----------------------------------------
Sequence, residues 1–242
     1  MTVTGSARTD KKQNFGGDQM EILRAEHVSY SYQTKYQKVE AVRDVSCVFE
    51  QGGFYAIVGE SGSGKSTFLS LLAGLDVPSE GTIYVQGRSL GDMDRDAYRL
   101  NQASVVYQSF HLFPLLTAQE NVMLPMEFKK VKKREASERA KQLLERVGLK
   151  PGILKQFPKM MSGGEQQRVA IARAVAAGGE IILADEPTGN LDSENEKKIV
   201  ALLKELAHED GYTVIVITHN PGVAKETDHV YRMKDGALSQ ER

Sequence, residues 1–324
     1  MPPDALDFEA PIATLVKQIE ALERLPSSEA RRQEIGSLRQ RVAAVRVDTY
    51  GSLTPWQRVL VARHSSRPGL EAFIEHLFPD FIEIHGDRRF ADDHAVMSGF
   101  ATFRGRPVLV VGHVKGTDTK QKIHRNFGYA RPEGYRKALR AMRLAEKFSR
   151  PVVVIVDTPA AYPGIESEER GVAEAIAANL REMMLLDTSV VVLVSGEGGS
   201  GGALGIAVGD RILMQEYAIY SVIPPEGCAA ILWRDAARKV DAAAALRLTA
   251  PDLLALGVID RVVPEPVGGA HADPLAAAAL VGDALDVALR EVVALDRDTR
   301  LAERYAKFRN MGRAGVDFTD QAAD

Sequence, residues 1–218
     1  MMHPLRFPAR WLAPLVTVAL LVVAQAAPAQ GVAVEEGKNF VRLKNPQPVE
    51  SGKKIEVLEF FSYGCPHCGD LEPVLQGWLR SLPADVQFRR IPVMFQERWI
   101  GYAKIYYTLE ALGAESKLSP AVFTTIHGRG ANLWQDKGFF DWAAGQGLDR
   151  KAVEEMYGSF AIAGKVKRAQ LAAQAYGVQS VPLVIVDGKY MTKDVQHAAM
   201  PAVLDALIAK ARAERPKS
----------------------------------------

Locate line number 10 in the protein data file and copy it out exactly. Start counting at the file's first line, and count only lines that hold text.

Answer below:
   101  ATFRGRPVLV VGHVKGTDTK QKIHRNFGYA RPEGYRKALR AMRLAEKFSR